After Heal the Ocean met with State Lands Commission staff and other stakeholders in August 2015 on a plan of action to cap the leaking Becker onshore oil well, we engaged Dudek Engineering and Environmental consultants to apply to the Ocean Protection Council for $900,000 in Proposition 1 funding for the project. Eligibility for the grant required the initiation of CEQA (environmental analysis) by the application deadline, prompting Heal the Ocean to locate funding for the estimated $200K to complete CEQA. Unfortunately, despite our best efforts to identify a source of funding for CEQA, either locally or at the state level, funding failed to materialize in time for the grant deadline.
Meanwhile, State Lands Commission moved forward on Phase I of the Becker well project (pictured above), which included marking and measuring the well. But the Becker well still needs capping. While HTO continued pressure on state and county officials for help in CEQA funding, Assemblyman Das Williams successfully included line items into the State's proposed budget for FY 2016/2017 for the $200K needed for CEQA, as well as an additional $700K for FY 2017/2018 to apply to actual project construction. Significant public advocacy will be needed to keep these funds in place through the end of the budget process. Meanwhile, HTO's plan is to make sure that CEQA is underway when the OPC grant funding cycle comes around again in 2017, in the event that more funding is needed, or if the requested budget items don't hold.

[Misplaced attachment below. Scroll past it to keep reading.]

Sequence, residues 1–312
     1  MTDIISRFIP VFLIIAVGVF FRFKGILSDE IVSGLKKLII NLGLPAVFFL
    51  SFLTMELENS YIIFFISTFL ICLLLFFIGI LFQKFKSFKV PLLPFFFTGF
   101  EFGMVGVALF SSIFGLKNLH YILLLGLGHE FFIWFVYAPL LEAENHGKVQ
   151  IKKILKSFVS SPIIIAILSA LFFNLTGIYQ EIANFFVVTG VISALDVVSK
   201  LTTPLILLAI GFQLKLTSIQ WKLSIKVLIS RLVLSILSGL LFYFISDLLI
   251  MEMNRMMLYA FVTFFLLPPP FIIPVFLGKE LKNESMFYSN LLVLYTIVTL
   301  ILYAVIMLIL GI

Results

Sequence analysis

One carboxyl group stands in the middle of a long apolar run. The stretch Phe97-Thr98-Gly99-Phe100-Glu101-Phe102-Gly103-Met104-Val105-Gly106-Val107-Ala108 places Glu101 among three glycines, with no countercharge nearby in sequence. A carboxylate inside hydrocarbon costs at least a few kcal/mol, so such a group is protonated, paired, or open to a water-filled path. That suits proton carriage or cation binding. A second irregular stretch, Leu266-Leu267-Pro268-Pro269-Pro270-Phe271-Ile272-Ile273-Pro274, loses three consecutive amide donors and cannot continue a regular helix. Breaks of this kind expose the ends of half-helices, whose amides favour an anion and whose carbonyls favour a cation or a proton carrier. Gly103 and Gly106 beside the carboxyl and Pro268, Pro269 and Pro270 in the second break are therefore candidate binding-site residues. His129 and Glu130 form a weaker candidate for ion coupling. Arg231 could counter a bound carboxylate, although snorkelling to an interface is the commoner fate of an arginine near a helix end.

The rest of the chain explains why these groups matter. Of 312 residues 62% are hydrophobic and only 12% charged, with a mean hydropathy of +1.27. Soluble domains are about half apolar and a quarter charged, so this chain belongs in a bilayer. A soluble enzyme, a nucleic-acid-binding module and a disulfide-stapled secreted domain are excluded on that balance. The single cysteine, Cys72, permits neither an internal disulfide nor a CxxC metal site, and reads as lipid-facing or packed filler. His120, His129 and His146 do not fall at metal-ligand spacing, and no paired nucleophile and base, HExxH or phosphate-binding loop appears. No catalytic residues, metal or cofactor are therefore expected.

Of course, Becker well is just one uncapped oil problem along the California Coast, and in January 2016, Senator Hannah-Beth Jackson introduced SB 900, the Coastal Oil Well Cleanup Act. The bill, among other things, will create a program to address over 200 oil wells in California’s coastal waters that are improperly abandoned and leaking oil into the ocean (learn more here). We applaud Senator Jackson for her work on this issue, while we remain dedicated to getting the Becker Onshore Well sealed sooner rather than later.